The Olympics got underway in the wee morning hours of Saturday, so we're a full 3 days into the swing of things and it's been a lot of fun to watch. I've been watching sports that otherwise I would never be able to see, including handball, archery, and field hockey. Here are 10 things that I've learned from the first weekend of the Olympics:
- Archery is surprisingly entertaining. You would never think that watching people shoot at targets would be fun, but it actually is, especially in the team competitions. In the men's team archery competition final, the US and Italy were neck and neck for much of the match, the US finally losing by one point. I was on my heels, praying that the last Italian would get an 8, which would have given the US the victory. It was compelling.
- All gymnastics events are not created equal. The women's floor exercise is by far the least interesting and the uneven bars is by far the most. On the men's side, parallel bars is the most painful to watch because they keep bruising up their arms. I feel like telling them to stop hurting themselves. The rings are a display of pure strength and it is truly spectacular to see the men hold themselves up in that manner, with no rigid supports.
- Best sport that no one in America knows about: Handball. I think I found a gem in handball, a sport I had never previously watched, but was forced to during NBC's daytime coverage. And I found it extremely awesome. It's captivating to see how the players contort their bodies to try to throw a ball into a goal. And you really know that the sport has no footing in this country when the commentator admits he's a newbie to the sport. I wish they played it here in the US because it really isn't that difficult to figure out yet on the highest level, is a very demanding sport.
- Michael Phelps has lost his edge. We all saw how Phelps barely qualified for the 400 IM, then struggled mightily in the final while watching fellow American Ryan Lochte win in dramatic fashion. Then, the next day we saw how Phelps was relegated to the second leg of the men's 4x100m freestyle relay. The fact is, Michael Phelps is not the same swimmer as he was in Beijing. Ryan Lochte is the new American star.
- NBC needs to cut back on coverage of the lengthier events. I endured about 1 hour of the men's cycling road race waiting for other events before I quit and moved to online perusing. NBC needs to realize that the only important part of the race is the last mile or so.
- Kazakhstan is an Olympic powerhouse. Two of the events I watched, women's weightlifting and the men's road race, turned out to be events in which Kazakh athletes emerged with the gold. That's one of the joys of the Olympics: watching the nations that many do not even know exist beat the athletic powerhouses of the world and gain a bit of glory for their country.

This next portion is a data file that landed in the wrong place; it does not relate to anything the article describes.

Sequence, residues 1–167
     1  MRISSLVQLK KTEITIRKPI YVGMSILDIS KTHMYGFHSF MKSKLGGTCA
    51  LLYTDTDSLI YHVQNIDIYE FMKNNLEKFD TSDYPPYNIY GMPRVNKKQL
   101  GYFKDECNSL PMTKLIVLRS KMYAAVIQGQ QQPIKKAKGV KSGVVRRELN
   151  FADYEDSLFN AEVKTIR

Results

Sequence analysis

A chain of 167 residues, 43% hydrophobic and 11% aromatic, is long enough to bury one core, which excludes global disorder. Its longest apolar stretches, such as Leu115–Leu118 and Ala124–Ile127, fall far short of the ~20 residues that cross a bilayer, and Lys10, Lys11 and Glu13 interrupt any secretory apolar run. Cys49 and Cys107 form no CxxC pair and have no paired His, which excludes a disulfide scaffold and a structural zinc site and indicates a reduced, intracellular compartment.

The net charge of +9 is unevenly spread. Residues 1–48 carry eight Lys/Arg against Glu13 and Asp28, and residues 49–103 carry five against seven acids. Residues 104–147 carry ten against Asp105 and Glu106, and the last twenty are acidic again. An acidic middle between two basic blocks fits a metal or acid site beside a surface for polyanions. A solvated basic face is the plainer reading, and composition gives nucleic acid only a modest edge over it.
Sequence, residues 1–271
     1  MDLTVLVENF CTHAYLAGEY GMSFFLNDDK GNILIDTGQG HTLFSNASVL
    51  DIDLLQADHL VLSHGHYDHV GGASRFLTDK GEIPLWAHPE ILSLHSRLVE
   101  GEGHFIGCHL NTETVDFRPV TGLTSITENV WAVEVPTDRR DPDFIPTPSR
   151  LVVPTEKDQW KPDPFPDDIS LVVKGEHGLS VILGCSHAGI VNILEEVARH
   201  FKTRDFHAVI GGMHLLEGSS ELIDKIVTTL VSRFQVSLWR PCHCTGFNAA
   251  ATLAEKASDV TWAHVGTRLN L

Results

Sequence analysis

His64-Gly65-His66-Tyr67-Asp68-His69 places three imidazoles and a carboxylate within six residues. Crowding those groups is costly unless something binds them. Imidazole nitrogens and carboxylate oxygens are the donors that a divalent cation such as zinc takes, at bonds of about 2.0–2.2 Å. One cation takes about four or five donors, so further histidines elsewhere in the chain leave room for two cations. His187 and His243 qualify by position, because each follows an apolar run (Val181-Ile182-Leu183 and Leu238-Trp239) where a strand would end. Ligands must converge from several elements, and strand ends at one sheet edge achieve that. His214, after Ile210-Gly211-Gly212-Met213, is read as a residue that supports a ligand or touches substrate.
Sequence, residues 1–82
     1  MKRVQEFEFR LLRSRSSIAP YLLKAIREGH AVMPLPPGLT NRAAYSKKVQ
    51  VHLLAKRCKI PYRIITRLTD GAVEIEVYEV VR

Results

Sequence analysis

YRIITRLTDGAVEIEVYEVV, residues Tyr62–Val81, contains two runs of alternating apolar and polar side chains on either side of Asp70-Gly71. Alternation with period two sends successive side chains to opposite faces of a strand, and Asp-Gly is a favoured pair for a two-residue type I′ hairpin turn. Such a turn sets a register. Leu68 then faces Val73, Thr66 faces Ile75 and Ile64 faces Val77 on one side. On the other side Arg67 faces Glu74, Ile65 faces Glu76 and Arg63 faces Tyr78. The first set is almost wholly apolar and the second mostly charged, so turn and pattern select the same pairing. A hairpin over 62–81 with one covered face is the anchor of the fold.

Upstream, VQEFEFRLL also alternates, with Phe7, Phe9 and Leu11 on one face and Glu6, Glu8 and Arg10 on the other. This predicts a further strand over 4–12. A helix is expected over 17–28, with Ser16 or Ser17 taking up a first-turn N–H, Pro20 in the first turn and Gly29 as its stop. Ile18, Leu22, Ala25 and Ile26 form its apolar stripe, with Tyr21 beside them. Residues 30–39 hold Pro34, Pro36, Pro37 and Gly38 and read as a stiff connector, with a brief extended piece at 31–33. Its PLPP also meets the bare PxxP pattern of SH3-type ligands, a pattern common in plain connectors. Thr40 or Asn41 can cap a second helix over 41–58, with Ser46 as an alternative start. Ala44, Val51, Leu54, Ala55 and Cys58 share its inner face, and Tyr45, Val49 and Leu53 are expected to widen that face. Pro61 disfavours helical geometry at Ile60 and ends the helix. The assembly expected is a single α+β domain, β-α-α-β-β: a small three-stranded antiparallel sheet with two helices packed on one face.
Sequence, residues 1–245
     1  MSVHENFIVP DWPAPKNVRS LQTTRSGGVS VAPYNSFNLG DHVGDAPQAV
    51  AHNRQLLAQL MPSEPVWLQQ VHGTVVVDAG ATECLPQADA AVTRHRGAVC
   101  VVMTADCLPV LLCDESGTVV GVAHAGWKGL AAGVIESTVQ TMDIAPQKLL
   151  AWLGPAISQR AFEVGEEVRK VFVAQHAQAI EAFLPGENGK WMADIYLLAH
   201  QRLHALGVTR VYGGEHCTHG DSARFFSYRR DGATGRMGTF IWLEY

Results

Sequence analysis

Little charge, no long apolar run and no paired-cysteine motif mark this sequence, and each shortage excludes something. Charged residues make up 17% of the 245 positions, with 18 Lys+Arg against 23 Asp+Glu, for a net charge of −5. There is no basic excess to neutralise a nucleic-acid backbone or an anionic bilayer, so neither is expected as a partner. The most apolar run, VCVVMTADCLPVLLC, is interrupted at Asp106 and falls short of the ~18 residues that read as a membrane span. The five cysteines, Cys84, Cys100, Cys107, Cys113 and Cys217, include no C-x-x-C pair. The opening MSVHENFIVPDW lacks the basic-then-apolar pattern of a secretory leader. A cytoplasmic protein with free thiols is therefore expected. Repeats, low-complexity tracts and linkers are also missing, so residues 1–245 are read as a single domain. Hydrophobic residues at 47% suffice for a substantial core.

- Whitewater rafting is intense. I was watching some of the prelims this morning on MSNBC and I highly recommend it. It's one of those events where you say to yourself, "This is cool because there's no way I can ever do that." I think the finals are tomorrow. That should be fun.
- Some events definitely do not belong in the Olympics (cough, cough horseriding). Aren't the Olympics supposed to be an athletic competition for humans? Horseriding, at least to my knowledge, is more strenuous for the horse than it is for the human. This is one of those events that should have been removed a while back.
- Badminton and table tennis are more than just what you play in high school physical education. The birdie and ball move at blazing fast speeds and the expressions of the athletes are ones of intense focus and determination. Here, we tend to consider these sports recreational, but from what I saw in the Olympics, they're definitely more than just that.
- My sports lexicon has increased tenfold. I've learned that weightlifting is not simply lifting a weight; there are two elements, the clean and the jerk. I've learned that in field hockey, instead of penalty kicks and corner kicks, they combine the elements into something called a penalty corner. I've learned that people dig and kill in volleyball, except that is considered good. I know that in rowing, the coxswain sits at the front and does something.
As you can tell from my enlightening compilation of lessons I've learned from the Olympics, I am now a much more knowledgeable person than I was before. And I certainly hope to learn and absorb more throughout the course of these Games.
I hope you get a chance to do the same.